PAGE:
There's been a trend in recent years to switch old cars, from post-war years, up to the 1960s, from bias to radial tires. Some people do it because they don’t know where to purchase the original style bias play tires, and others do it because they're convinced the car will drive better with radials. The truth is, very few, if any, collector cars drive well with radials. These cars were not designed to run on radials, and radial-tuned suspensions were not commonplace on American cars until the mid-1970s.
The other problem with radials is their lower profile, making your car ride and look lower. This is fine for hot rods, customs, and daily drivers, but not for accurately restored classics. In some cases, such as 9.50”x14", no comparable radial exists. As a test, we added the correct-size bias ply tire to a 1960 Lincoln Continental that had been poorly fitted with the largest available 14” radial. The result was a car that sat almost two full inches higher, and immediately took on the look of a restored classic, as opposed an ordinary used car. No other item you can add to your car makes it look more authentic than a fresh set of tires that are the correct size and construction.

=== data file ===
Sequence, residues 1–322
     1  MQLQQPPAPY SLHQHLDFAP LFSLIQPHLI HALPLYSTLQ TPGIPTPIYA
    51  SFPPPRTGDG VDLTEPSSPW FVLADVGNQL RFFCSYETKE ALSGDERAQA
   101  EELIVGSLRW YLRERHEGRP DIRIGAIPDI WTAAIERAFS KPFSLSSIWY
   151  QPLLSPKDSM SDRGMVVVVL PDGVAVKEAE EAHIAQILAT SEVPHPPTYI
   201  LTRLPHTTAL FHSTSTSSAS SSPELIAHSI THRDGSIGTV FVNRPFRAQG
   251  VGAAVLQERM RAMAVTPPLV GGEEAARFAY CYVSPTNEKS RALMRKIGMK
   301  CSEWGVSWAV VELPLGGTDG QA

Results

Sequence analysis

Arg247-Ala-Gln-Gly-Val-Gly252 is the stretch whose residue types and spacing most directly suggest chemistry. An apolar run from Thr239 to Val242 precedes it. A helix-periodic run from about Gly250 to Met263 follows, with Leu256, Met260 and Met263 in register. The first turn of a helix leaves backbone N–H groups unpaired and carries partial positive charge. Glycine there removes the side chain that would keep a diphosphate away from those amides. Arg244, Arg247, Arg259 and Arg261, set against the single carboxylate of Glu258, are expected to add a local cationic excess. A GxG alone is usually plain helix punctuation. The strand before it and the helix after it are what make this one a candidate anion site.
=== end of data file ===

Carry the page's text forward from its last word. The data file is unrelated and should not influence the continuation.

Wondering where to buy tires for your classic? Contact the folks at Coker Tire in Chattanooga, Tennessee. They have tires to match cars of every era and style. They even have a database to ID the correct size and style for nearly any car ever made. You'll note that wide whitewall radials are now available, and these are great on street rods or cruisers, we still recommend going with the OEM bias tires in a correct size and tread pattern. And if your collector car is of the more modern muscle variety, Coker sells reproductions of the original red line and wide oval tires those came with.
Some folks will tell you their car already has the correct style of wide whitewall tires, but it drives horribly. This is most likely because the car has a set of older tires or tires made from molds featuring a straight-rib tread design. For your car to track properly, your tires have to have a real tread. Straight-rib tires follow every irregularity in the road, while treaded tires do not. We took a set of Lester straight-rib tires off a 1938 LaSalle and replaced them with a set of correct-style B.F. Goodrich tires from Coker. The owner was completely amazed how much better the car drove and steered.
Gasoline Breaking Down During Storage?